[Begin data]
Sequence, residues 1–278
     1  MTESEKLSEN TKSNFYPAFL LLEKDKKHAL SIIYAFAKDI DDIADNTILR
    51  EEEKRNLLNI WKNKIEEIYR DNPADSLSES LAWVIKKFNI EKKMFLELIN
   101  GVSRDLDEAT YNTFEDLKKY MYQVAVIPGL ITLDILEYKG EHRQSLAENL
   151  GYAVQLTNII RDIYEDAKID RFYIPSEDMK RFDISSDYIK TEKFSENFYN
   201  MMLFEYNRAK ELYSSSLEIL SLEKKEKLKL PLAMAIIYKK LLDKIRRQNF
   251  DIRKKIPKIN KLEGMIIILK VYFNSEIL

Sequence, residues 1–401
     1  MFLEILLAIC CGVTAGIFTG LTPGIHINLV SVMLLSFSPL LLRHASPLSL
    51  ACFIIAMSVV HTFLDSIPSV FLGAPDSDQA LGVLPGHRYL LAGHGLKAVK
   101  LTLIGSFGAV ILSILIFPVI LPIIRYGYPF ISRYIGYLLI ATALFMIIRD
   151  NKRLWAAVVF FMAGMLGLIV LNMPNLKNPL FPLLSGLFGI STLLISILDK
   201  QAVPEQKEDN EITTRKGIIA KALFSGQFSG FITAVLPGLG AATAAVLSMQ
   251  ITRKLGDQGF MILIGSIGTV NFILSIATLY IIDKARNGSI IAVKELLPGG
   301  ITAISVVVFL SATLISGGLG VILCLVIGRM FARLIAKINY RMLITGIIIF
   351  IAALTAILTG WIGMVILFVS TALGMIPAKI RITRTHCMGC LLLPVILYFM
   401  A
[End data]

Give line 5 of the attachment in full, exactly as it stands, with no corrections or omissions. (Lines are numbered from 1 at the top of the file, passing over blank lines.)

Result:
   151  GYAVQLTNII RDIYEDAKID RFYIPSEDMK RFDISSDYIK TEKFSENFYN